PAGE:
Monthly Archives: September 2019

The Muslim World Manuscript Project: A Codicology Workshop

On September 20th, sixteen students, along with a number of faculty members and librarians, gathered in the Chang Seminar Room of RBML to attend a full-day workshop on codicology led by Dr. Kelly Tuttle, the Muslim World Manuscript (MWM) Project Cataloger at UPenn. The workshop was supported by the Center for the Study of Muslim Societies (CSMS), and is a  part of a series of scholarly events and engagement activities around the ongoing MWM. (Check out the catalog of the digitized and cataloged manuscripts from the MWM project here and here.) 

The aim of the workshop was “to give students a grounding in how to describe the material aspects of Islamicate manuscripts and to prepare students to identify key bibliographic features so that they may more confidently go to repositories and study manuscripts in person.” The day was full of hushed, intense discussions, with heads moving back and forth between the beautiful slides Kelly projected on the screen and the pages of the various manuscripts put in front of the students, who often worked in pairs on the numerous hands-on exercises Kelly had prepared.

Kelly  guided the students through the various components and aspects of these manuscripts “from the very outside to the inside,” beginning with safe handling measures, and then going over covers, spines, boards, fly-leaves, the nature of support (paper or parchment, types of paper, watermarks), collation, quires, bindings, common types of scripts, decoration and layouts, including traditional locations and styles of recording authors, titles, and dates in Islamicate manuscripts. She went into detail about the various types of notes that manuscripts can include and how the layout of the page and other material features (including the different colors of ink, the use of different scripts or locations for writing, etc.) can indicate the type of discourse written down (e.g. poetry vs sharh) or the nature and goal of the inscriptions (e.g. marginalia by different authors written in different directions that indicate different sources, authors, etc.). Students could see in a clear, simple and organic way how form and content work hand in hand in material culture, to great communicative and functional effects.

Throughout, students exchanged tips, background knowledge, and questions, and one could see very clearly in their eyes how the Muslim World Manuscript collection was coming to life. Curiosity, cell phones to take photos, zoom in on any given detail, but also laughter and humor, and an increasing level of confidence and comfort marked the day.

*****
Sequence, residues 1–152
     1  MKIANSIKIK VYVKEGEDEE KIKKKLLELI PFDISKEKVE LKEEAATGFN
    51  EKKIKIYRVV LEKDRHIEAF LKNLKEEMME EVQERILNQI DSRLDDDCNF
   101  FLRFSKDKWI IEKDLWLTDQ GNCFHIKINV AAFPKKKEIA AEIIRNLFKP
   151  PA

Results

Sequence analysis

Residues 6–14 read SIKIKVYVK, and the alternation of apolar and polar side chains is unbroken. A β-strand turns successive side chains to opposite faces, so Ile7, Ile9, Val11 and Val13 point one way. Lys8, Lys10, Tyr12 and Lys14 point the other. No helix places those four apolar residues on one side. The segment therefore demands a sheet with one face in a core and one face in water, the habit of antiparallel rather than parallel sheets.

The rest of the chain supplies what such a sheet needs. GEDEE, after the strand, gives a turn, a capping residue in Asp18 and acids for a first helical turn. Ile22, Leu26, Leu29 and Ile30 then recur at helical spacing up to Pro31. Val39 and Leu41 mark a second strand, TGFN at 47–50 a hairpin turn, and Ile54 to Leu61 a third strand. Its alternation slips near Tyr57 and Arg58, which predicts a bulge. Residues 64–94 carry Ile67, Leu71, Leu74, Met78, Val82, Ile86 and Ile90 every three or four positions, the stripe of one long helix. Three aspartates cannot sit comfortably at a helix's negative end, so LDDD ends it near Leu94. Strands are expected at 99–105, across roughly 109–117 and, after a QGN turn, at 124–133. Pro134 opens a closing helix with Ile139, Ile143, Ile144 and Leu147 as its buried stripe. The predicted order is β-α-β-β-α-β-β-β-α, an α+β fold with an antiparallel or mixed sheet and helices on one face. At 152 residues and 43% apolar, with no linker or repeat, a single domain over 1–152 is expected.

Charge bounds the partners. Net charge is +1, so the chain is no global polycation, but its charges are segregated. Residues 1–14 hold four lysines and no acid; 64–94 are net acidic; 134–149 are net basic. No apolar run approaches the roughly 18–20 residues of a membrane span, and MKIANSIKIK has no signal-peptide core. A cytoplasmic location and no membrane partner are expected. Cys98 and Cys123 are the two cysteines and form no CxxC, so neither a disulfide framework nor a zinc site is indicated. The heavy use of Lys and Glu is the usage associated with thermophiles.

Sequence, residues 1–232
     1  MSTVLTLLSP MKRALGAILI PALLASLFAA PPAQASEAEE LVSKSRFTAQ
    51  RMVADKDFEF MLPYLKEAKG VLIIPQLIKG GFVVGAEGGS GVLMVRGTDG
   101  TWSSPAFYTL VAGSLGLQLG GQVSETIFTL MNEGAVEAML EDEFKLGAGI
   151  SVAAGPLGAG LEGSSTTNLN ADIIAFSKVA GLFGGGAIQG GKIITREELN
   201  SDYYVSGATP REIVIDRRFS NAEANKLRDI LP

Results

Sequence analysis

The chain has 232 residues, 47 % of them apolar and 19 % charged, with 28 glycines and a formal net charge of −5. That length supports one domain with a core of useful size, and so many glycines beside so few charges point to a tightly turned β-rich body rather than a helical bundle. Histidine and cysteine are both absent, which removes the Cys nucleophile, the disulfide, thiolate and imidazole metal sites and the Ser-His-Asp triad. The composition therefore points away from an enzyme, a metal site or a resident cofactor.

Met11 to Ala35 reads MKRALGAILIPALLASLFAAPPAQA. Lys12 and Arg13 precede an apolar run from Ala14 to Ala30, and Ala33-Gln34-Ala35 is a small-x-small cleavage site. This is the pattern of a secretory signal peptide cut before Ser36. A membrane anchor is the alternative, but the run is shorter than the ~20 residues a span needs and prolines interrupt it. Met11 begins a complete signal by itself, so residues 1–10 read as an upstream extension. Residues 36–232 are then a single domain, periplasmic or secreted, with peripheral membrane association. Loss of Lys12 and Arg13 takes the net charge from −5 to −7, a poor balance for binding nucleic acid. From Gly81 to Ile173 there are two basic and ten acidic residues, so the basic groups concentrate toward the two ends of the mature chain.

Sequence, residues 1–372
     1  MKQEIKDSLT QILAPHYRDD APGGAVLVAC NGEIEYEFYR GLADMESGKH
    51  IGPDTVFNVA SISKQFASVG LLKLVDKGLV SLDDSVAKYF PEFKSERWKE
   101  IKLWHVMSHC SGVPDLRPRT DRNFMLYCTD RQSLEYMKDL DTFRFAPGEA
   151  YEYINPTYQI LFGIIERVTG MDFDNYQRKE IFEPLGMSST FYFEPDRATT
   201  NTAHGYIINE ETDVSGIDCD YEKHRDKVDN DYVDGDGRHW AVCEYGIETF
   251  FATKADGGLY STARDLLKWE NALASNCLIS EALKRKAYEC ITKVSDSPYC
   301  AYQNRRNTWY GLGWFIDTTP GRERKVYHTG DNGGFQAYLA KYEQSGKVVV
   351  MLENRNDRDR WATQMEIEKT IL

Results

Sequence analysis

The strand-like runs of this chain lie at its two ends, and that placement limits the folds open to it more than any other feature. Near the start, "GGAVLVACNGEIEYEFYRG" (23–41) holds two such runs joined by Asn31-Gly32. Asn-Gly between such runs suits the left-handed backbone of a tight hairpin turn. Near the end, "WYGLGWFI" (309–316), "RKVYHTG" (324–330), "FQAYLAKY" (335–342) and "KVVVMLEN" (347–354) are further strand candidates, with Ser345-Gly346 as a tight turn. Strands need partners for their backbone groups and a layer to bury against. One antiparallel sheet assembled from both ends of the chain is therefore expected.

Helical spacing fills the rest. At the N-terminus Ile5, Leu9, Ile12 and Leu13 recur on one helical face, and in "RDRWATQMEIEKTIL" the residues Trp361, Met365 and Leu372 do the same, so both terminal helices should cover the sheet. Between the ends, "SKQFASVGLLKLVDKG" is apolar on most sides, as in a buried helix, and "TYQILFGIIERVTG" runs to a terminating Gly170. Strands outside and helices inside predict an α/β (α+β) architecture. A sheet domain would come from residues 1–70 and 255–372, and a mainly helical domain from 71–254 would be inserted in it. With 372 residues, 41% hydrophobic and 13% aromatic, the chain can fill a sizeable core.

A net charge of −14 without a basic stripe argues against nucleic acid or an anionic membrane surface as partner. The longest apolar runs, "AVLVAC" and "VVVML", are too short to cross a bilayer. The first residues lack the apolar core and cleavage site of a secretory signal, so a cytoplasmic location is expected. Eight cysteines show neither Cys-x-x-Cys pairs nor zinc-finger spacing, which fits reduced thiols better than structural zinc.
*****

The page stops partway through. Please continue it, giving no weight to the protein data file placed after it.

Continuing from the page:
The day wound down with an exercise in which students gathered together what they had learned, filling in a template to describe a manuscript as thoroughly as they could and applied some of the best practices and recommendations from the workshop. They then presented their findings to the group and spoke about what they found most interesting in the manuscript they were responsible for presenting, and about the learning process throughout the day.

The next day, some of the students wrote to thank Kelly, the Libraries and the Center for the Study of Muslim Societies, and to express the wish for further hands-on opportunities to familiarize themselves with the material culture of the Islamicate world, stressing how important such opportunities are for their learning and graduate studies. Navid Zarrinnal,  a fifth-year PhD candidate in the Department of Middle Eastern, South Asian, and African Studies, currently working  on Persian and Iranian intellectual history, wrote: “Friday’s workshop prepared us for a central task of our scholarship, rarely offered in the classroom, namely the discovery and deciphering of previously unedited manuscripts. We learned to locate a manuscript in the context of its intellectual and scholarly history by deciphering key information, such as author, title, summary of contents, and genre. In anticipation of future research, the workshop also prepared us for reading hard-to-decipher manuscripts. I applaud the Muslim World Manuscript Project’s efforts and encourage similar training for the future.”

Shabbir Abbas, a graduate student at MEASAS who focuses on the development of the Shi’i Imami school of jurisprudence in his work, also stressed the interactive nature of the workshop, and how he benefited from the various exercises and discussions throughout the day: “The codicology workshop was beneficial in the sense that I was able to focus for the first time on the physical and artistic/aesthetic aspects of the manuscripts instead of my typical textual analysis. Likewise, interacting [and even debating] with other grad students and scholars coming from different perspectives on the topic of manuscripts was an invaluable experience.”